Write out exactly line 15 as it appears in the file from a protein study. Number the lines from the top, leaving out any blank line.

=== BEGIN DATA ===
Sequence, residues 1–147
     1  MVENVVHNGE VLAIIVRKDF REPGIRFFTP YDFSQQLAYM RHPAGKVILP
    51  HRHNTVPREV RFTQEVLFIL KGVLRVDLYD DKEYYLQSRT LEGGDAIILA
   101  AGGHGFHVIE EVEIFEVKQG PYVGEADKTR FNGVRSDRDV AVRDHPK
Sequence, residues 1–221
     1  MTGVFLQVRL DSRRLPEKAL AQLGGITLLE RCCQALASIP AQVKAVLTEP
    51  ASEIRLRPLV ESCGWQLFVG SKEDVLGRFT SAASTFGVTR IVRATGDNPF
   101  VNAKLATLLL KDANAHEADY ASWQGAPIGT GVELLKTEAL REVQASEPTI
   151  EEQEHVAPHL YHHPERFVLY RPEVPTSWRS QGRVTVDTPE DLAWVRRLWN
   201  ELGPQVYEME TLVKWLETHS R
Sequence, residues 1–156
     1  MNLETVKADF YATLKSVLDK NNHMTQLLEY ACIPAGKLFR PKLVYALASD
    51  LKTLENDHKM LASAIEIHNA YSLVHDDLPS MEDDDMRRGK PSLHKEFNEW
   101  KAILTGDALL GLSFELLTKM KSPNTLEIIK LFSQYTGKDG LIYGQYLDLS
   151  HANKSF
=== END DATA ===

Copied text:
   151  HANKSF